AUTHOR: Leigh Risbey

This article is for guidance only and is not a one-size-fits-all for business.

We will cover the basics of:

  • Profit and Loss (P&L)
  • Cashflow
  • Key Performance Indicators (KPI’s)

Profit and Loss (P&L)

There are a few things that every business needs to measure to track financial performance; they will come as no surprise:

  • Income
  • Costs to sell
  • Fixed Costs
  • Variable Costs
  • Profit

These categories can be more involved but, to allow yourself to focus on more important tasks, don’t allow your accountant or other well-meaning advisor to drag you into the minute detail of cost categories. Simply understand the key numbers and how to judge whether they are good, indifferent, or bad!

Let’s look at each of them in turn:

  • Income

Income is any form of MONIES RECEIVED FOR GOODS OR SERVICES SOLD. If you receive funds from a grant or subsidy, donation or gift, this should be itemised separately and understood. If these are regular sources of funding and you need to produce work or goods to qualify for them, they may be considered ‘Income’. Let’s not get bogged down with that; just be aware that if it is not regular income based on your core activity, be careful about relying on it to sustain the business. For example, recent Government COVID-19 subsidies are not core income and they will stop, if this has not happened already. They should NOT BE CONSIDERED AS INCOME for the purpose of knowing if your business is making a profit. They did, however, provide useful cash flow which was the intention.

Income for goods or services is sometimes called the Top Line. This represents product lines, services or a combination of these, and is best itemised by the respective goods/service categories. Ultimately, you need to know what lines are going well and which are not. For the purposes of a business Health Check, we only need to know the OVERALL TOTAL INCOME from sales of Goods and Services.

  • Cost to sell:

This is usually referred to as Cost of Goods Sold (COGS). It includes all costs associated with actually selling the product or service, not embedded business costs associated with providing the product or service. Inventory/materials purchase costs, marketing, freight and sales-related costs would all form part of the COGS. In some industries where businesses on-sell sub-contract labour, this expense may also be included in the COGS.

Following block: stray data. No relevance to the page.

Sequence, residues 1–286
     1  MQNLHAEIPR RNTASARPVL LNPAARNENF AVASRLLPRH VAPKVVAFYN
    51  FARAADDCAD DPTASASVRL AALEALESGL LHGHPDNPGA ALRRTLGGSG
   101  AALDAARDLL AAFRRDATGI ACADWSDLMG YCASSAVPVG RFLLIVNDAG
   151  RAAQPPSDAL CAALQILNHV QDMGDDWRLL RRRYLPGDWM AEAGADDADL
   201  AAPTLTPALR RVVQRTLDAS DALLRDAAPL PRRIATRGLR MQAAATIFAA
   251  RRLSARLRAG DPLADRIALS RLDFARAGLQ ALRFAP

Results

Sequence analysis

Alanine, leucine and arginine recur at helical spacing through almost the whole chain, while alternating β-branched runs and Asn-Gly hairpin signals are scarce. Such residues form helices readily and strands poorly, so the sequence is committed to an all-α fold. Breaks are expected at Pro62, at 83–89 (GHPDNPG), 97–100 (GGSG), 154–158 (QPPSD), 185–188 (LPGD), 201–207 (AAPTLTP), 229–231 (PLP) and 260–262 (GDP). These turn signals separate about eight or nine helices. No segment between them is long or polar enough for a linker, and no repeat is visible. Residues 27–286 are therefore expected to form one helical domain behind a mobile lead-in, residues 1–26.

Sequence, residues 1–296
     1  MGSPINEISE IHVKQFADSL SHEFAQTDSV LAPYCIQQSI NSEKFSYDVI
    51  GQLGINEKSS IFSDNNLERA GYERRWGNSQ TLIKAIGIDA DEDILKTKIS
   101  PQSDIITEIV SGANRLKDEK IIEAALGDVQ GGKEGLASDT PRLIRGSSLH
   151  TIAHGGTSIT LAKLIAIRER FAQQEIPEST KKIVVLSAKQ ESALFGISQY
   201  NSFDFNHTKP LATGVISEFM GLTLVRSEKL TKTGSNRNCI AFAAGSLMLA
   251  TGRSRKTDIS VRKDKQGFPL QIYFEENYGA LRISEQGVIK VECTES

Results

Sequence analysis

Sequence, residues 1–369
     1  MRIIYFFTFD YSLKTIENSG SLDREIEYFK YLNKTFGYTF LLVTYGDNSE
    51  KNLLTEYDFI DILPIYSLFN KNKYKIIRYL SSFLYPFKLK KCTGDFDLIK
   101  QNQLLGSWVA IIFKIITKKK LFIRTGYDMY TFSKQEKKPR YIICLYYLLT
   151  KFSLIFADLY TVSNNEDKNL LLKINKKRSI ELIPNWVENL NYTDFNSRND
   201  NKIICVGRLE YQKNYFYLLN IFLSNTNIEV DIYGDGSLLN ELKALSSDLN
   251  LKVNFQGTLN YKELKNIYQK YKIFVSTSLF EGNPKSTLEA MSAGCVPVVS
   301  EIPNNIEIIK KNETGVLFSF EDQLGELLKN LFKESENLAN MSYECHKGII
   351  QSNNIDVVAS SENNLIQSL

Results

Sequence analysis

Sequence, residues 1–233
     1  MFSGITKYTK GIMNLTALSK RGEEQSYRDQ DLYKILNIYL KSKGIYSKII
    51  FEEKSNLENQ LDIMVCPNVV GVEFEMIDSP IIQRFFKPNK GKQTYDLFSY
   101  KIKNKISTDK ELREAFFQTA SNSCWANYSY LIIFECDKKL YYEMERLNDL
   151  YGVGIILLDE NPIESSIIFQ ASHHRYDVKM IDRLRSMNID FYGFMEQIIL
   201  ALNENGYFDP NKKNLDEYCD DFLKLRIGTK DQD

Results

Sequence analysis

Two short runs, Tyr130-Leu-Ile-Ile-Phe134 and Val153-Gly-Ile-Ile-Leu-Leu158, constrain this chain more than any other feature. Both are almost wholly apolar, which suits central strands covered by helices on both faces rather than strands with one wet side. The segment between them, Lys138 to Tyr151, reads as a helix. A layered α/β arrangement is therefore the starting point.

It is important to know what is included here and how it fluctuates with Income because this directly affects profit.

  • Fixed Costs:

A fixed costs is any expense that remains constant regardless of changes in activity related to sales and income. These could include salaries for management or administrative staff, or buildings costs including rent, rates, utilities and insurances. Loan repayments and interest charges can also be allocated in fixed costs as well as regular memberships or licensing arrangements.

  • Variable Costs:

These costs are not directly associated with COGS but may vary when sales change. For example, the labour component of producing goods may not change with an increase in volume of goods sold if this increase is distributed across several categories of goods, or if efficiencies are achieved to increase production. However, a sustained change in the volume of goods produced may result in a change in labour costs.

Another example is fuel use in vehicles that deliver goods or services to customer premises. If demand is seasonal, fuel use will vary in months of higher or lower demand. Likewise, the repairs and maintenance costs may vary according to vehicle usage, but registration and insurance are likely to be fixed costs.

  • Profit:

The all-important ‘What is Left Over?’!

Simply taking away all the costs from the sales leave us with the profit.

Sales Income – COGS – Fixed Cost – Variable Costs = Profit

If all we monitor on a regular basis is:

  1. Sales Income
  2. Costs (total) and
  3. Profit